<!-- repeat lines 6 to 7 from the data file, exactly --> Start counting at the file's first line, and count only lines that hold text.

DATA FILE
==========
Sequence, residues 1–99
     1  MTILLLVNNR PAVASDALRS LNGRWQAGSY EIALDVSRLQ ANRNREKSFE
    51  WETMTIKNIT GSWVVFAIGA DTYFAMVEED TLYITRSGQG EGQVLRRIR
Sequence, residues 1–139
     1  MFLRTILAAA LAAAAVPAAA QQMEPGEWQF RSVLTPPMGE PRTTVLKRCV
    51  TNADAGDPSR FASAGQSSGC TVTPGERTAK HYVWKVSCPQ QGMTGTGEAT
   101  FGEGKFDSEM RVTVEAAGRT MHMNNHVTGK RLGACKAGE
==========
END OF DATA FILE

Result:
    51  TNADAGDPSR FASAGQSSGC TVTPGERTAK HYVWKVSCPQ QGMTGTGEAT
   101  FGEGKFDSEM RVTVEAAGRT MHMNNHVTGK RLGACKAGE